On its face, this statement about direct mail is true.
When you consider the cost of paper, printing, assembly and postage for Direct mail, you obviously have more costs than eMail. And, while the costs of creative (copywriting and artwork) might be comparable, you have an additional cost for Direct mail when mailing to non-customers that becomes somewhat murky for eMail, where the availability of reliable lists are extremely limited. This has significant ramifications for the advertising strategy . . . but, more on this later.
But look more closely and you’ll see that . . .
On examination, this statement about expense is ridiculous.
The point: You don’t care about the cost of your mailing!
Cost is only relevant when you know the value of a responses and what the likely response rate will be for your mailing.
And, if you think Direct Mail is expensive, consider the cost of a 30-second spot on the Super Bowl. Yes, if it’s clever or entertaining enough, people may be talking about it . . . at least for some short period of time. It may even be worthy of going viral on YouTube. But does that ad sell any product or elicit any kind of response? More often than not the answer is “No.” But Super Bowl ads aren’t meant to provoke a direct response. The rationale behind them is branding, image, “top-of-mind” retention or (God forbid) pure entertainment.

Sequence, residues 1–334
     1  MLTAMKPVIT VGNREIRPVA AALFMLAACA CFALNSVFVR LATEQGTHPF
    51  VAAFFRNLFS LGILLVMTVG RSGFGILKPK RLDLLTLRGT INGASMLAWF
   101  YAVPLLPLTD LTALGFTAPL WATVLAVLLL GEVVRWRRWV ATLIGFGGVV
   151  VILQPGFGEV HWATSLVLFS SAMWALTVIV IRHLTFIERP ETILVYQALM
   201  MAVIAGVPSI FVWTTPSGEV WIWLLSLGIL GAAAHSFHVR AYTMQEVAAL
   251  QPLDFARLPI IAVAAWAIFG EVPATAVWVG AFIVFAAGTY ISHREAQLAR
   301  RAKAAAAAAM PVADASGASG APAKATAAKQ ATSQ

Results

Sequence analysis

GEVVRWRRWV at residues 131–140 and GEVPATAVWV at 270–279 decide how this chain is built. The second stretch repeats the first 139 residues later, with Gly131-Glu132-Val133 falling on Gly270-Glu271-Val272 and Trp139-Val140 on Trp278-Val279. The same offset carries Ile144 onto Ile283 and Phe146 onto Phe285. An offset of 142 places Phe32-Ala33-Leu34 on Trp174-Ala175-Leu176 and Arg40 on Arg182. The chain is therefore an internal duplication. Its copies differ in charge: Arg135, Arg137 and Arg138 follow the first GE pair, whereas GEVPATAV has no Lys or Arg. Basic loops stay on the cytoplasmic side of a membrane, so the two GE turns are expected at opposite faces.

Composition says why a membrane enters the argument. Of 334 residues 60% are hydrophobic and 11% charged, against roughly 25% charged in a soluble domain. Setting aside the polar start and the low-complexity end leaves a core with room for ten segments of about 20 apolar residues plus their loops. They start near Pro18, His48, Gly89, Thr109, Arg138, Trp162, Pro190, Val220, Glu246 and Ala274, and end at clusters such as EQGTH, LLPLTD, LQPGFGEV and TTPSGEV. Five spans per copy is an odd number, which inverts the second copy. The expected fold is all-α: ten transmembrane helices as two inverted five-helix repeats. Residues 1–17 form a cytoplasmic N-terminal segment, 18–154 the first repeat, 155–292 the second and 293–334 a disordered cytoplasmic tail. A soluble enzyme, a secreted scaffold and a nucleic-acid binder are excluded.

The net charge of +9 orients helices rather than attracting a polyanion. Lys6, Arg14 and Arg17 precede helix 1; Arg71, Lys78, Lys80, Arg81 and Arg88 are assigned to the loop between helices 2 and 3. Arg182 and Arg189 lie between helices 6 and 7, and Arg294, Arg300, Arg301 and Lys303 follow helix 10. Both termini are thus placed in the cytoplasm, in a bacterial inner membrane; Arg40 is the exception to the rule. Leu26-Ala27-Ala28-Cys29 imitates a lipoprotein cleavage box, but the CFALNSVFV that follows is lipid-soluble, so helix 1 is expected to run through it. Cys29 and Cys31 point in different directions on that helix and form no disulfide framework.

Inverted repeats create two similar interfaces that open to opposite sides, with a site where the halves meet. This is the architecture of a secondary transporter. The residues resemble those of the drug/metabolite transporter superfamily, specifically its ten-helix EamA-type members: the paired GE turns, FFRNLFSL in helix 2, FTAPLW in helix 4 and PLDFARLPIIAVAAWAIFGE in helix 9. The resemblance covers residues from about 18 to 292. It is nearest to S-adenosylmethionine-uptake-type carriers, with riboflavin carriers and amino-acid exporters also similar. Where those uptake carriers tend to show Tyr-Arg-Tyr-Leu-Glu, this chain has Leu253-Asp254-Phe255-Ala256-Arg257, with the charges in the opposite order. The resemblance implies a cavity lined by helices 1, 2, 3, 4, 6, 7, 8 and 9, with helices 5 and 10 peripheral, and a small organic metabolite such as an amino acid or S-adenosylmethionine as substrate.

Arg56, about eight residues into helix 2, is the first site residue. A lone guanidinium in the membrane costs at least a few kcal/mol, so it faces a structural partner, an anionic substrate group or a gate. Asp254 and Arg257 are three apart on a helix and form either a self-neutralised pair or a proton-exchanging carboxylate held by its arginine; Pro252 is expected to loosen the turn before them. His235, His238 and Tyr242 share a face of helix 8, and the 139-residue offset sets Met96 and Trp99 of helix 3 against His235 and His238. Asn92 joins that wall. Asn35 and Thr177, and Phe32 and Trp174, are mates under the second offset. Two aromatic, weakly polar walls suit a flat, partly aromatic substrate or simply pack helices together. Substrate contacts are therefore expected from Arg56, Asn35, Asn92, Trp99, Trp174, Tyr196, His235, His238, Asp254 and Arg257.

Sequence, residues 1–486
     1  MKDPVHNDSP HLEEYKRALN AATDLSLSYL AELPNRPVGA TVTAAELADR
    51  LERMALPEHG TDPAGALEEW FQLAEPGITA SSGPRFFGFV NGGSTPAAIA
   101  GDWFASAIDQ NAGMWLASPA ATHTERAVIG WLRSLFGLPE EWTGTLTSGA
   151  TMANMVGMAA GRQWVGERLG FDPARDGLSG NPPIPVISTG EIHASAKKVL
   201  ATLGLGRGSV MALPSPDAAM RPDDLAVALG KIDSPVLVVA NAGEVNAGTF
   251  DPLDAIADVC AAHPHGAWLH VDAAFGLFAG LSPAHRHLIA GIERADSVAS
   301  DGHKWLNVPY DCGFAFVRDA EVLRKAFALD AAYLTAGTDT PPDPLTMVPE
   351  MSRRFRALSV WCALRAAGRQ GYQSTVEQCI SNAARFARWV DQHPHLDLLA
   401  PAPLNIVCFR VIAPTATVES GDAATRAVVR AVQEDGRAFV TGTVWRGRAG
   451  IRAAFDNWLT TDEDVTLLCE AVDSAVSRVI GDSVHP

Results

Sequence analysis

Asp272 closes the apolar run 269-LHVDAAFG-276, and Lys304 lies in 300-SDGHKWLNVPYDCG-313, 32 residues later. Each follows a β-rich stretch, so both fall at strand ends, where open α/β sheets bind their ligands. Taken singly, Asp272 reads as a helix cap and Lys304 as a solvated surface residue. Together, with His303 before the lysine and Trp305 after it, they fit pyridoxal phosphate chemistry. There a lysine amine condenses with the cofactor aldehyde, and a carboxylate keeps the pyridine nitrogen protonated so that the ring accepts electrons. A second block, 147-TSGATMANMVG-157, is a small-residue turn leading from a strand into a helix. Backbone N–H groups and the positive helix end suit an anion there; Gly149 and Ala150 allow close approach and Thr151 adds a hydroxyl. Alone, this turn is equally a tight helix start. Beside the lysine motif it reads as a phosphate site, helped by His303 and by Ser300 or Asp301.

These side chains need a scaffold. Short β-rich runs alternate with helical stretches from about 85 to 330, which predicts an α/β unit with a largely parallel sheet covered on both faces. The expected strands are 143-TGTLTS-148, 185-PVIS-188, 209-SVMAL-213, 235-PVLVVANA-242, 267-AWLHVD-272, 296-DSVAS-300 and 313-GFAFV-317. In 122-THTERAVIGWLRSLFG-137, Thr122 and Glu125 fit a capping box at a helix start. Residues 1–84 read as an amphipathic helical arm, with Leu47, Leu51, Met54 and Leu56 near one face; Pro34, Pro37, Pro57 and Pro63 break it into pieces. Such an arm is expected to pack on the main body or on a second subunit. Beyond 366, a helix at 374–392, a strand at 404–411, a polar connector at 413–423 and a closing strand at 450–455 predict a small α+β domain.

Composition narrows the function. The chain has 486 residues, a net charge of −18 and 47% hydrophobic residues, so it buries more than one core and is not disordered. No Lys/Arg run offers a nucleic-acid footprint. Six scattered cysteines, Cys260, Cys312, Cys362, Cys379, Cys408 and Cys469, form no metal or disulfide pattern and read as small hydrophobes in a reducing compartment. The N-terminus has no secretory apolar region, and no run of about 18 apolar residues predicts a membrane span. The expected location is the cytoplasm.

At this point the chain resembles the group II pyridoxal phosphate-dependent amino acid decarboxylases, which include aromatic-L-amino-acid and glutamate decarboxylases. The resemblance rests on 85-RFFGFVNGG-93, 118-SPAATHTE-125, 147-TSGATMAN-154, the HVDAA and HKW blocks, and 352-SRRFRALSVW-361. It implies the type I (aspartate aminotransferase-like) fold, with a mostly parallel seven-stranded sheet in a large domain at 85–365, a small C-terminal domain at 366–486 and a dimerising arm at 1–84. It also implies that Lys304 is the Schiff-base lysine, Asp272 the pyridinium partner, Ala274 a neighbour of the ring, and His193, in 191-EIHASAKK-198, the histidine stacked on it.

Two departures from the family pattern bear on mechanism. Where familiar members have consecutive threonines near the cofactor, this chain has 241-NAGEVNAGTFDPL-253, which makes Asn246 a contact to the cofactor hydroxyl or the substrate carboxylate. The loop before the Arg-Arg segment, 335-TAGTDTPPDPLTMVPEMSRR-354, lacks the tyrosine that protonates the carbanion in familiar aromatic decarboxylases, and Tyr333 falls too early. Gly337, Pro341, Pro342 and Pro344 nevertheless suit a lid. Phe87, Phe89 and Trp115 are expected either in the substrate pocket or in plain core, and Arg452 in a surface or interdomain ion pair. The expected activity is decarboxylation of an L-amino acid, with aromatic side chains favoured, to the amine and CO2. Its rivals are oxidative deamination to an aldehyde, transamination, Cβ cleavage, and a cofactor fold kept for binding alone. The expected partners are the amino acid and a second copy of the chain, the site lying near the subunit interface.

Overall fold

We only create Direct Response campaigns. This means that our Ads, Direct Mail and Internet campaigns all are designed to elicit direct results. That is our expertise and, as a rule, we generally don’t create or comment on general advertising or on its relative costs.
But the comment about Direct Mail being more expensive than eMail simply can’t go unchallenged!